It is exciting to experience your first day on a new job. It takes following through to do that same well day after day, year after year. Sometimes it appears following through is not always the norm in our lives and in our relationships. Think about sometimes when you have followed through. How did that affect things in your life? How about times someone has not followed through when you needed and expected it.

As we move forward, it might be helpful to remember times when people have followed through in dealing with us. What difference did that make in our lives? We may want to make a determined effort to follow through in everything we do in life. Think about how much better that will make our lives and the lives of others.

If you would like to receive new As We Move Forward posts, please subscribe to the As We Move Forward mailing list by clicking here. I release entries on a bi-weekly basis.

We have a podcast containing the As We Move Forward articles read by Jonathan Bloom.

How Do You Ask For Help?

As We Move Forward: How Do You Ask For Help?

Infant

Every one of us finds ourselves in situations where we can not do everything on our own. What we do at that moment has a great bearing on how well we are able to cope with the seemingly impossible challenges we face in our lives. Actually, asking for help starts the moment we are born. Much has been written about how traumatic it is to enter this world. The cry that either comes naturally or is prompted in every newborn infant serves multiple purposes. This action fills the baby’s lungs with air. At the same time it serves to ask everyone around for the basics of survival. The newborn infant stops crying when those around hear the call for help and make the appropriate response.

Crying continues for a while as at least one of the ways a young child asks those around for help. The temperament of the child and the responses from those in the child’s environment help determine how much of the process of asking for help consists of crying and how much takes other forms, some more verbal and some more pleasant.

We all know children who seem pleasant and polite in their basic orientation to life. Is it possible their requests for help are responded to in ways that bring satisfaction and reinforce the process of asking for help in a basically pleasant manner? Of course, no one, especially a young child, is pleasant all the time, especially in the stressful process of asking for help. As we grow into adulthood, basic patterns emerge and develop. How we go about asking for help in our relationships has a lot to do with how successfully we maintain and develop satisfying and productive relationships with others.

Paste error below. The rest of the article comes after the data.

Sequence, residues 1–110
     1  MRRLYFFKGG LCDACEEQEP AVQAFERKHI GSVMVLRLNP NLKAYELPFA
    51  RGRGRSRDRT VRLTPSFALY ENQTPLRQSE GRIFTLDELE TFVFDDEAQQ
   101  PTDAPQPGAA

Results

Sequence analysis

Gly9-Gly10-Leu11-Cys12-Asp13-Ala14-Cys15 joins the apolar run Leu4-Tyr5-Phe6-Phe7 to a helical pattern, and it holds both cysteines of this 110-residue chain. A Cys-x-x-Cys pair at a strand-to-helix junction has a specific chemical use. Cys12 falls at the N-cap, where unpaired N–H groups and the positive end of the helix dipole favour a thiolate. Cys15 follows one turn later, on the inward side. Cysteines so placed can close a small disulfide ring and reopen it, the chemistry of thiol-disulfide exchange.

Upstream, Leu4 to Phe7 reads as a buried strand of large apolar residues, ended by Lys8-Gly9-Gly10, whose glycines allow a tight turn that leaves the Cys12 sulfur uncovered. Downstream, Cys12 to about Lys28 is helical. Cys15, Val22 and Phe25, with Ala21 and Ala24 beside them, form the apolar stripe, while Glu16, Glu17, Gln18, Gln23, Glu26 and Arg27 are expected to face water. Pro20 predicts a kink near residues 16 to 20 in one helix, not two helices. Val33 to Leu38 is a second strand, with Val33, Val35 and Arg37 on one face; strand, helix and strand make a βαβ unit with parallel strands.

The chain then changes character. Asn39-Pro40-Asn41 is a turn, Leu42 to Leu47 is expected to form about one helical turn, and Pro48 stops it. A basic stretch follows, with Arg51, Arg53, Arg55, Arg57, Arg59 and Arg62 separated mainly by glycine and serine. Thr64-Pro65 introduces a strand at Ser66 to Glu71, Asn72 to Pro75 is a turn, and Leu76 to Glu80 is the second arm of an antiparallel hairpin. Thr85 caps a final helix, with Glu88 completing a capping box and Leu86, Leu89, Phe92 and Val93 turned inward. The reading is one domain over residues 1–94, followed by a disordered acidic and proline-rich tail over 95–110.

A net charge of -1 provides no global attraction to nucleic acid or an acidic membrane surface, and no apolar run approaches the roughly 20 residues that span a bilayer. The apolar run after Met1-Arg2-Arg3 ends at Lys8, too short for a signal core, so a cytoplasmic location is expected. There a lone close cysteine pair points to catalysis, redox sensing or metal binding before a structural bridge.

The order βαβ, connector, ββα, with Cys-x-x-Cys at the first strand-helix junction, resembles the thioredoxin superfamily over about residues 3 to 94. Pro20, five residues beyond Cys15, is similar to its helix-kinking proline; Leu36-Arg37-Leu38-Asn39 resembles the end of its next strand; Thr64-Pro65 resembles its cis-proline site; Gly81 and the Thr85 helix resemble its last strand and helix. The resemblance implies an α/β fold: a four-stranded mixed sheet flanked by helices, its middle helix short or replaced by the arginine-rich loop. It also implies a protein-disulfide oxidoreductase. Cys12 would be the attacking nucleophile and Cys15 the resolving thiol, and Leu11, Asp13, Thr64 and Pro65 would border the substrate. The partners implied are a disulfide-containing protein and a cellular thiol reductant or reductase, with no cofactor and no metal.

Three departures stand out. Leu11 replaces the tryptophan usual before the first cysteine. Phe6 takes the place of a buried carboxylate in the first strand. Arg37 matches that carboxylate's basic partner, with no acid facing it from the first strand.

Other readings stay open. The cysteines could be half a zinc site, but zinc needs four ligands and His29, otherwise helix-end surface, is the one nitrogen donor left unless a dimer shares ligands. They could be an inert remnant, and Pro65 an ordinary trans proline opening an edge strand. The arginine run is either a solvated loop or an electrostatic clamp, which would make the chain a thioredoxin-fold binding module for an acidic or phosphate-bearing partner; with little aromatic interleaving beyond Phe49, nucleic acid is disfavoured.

As adults, how we ask for help has everything to do with our starting point when we confront the need for help. Some people think only in terms of how something will affect them. When these people need help, nothing matters other than getting the help they need. They often lose sight of the effect their getting help might have on others. One of the things they might overlook is the feelings others might have in being part of their getting the help they need.

Helping

Another person might recognize their need for help and honestly and openly share that. Very often, others will respond with a willingness to help meet the need. Like so many things in life, the difference is often our point of view. We all need help at times. The difference in the willingness of others to offer us the help can be in our willingness and ability to be open with others about our need for help.

As we move forward, it can help us remember that everyone needs help at times. As we think about our willingness to help others, it can be useful to remember how it feels to have someone take our feelings into consideration when we ask them for help. May we both offer and ask for help in a spirit of always being mindful of the role of others in the process.

If you would like to receive new As We Move Forward posts, please subscribe to the As We Move Forward mailing list by clicking here. I release entries on a bi-weekly basis.

We have a podcast containing the As We Move Forward articles read by Jonathan Bloom.

Choosing Our Heroes

As We Move Forward: Choosing Our Heroes

Hero

Who are the heroes in your life? Who do you look up to as role models for the ways you respond in various situations? Typically, our first heroes are our parents. It is amazing how each child takes for granted the belief that their particular life situation is absolutely normal. We see our parents as the absolute last word on every subject. I think most children want to grow up to be exactly like one of their parents.